FAIRFIELD – Tempers flared between First Selectwoman Brenda Kupchick and members of the Board of Finance on Monday during a review of an internal investigation into employee credit card use.
According to Lori Charlton, a Democrat and the Board of Finance chair, the Audit Subcommittee meeting was convened to solicit answers from the administration regarding a recently-released internal investigation into town employee credit card spending that found no evidence of fraud.
But the question and answer session was interrupted numerous times by arguments between Kupchick, a Republican, and Democratic members of the finance board.
An investigation of credit card statements from 2018 to 2022 conducted by human resources Director Cathleen Simpson and Chief Financial Officer Jared Schmitt uncovered instances of town employees breaking credit card policies by paying sales tax, daily purchasing food, and shipping work-related items to their homes, but found no attempts to defraud the public.
The investigation found instead that the improper spending was due to loose town policies, and maintained that the findings of an earlier 2020 internal audit had not been shared with Kupchick, her chief of staff or her chief administrative officer Thomas Bremer. That audit suggested policies to improve credit card compliance.
At the meeting on Monday, however, Internal Auditor Connie Saxl insisted – contrary to the findings of the investigation – that she had reviewed the 2020 audit with Bremer.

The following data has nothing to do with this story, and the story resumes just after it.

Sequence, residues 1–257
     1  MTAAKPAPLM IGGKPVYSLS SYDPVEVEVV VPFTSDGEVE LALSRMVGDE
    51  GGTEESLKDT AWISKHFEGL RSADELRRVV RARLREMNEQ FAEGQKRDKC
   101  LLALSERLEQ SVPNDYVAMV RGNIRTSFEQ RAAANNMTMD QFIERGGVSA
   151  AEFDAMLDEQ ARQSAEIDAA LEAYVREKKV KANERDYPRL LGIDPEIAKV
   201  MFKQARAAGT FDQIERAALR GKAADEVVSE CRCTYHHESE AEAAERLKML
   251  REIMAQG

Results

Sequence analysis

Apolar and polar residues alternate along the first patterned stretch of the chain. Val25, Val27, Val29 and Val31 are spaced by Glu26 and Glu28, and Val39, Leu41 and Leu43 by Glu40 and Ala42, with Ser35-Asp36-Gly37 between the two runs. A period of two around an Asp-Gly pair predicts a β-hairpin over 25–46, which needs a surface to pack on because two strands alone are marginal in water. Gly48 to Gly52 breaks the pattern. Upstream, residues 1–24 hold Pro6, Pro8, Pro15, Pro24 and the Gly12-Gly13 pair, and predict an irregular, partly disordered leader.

When Charlton pointed out the discrepancy between the investigation findings and Saxl’s account, the meeting erupted into a shouting match.
Claims of political ‘potshots’
“She shared it with two individuals who report to Miss Kupchick,” Charlton said of the audit. “The proper protocol was followed in terms of communicating this. It just seems like …somebody didn’t think it was important enough to…”
“Enough,” Kupchick interrupted. “Nobody didn’t think it was important enough.”
Kupchick said the audit was “not top of mind” when it was released in early 2020 because she was dealing with the COVID pandemic and was in the midst of a townwide scandal involving numerous town employees.
As Kupchick, Charlton, and Democratic board member John Mitola shouted over one another, Kupchick began to question the motivations for convening the meeting.
“This is the Lori Charlton show, and it’s quite obvious,” Kupchick said. “And this is potshots at the Kupchick administration because I was supposed to know about a credit card investigation, I was supposed to know about all the problems that happened over the last 20 years in town government.”
“Well, you should’ve known about this,” Mitola responded.
Kupchick replied that after her election in 2021, at the time of the audit’s release, she was dealing with notices of violation from the state over the contaminated fill pile. She said she wants to work with the board to improve credit card use moving forward, but said the members do not understand how busy she was at the start of her tenure.
“You weren’t here, and you didn’t didn’t have to take over a town dealing with the crap I had to take over,” Kupchick shouted. “So you know what? I’m here to work with this committee to clean up this problem, and any other problem we found from the last 20 years. But I’m not going to sit here and have some political statements [about] how ‘Miss Kupchick should have done..’ and ‘Why didn’t she know?’ and ‘Why didn’t she do this?’”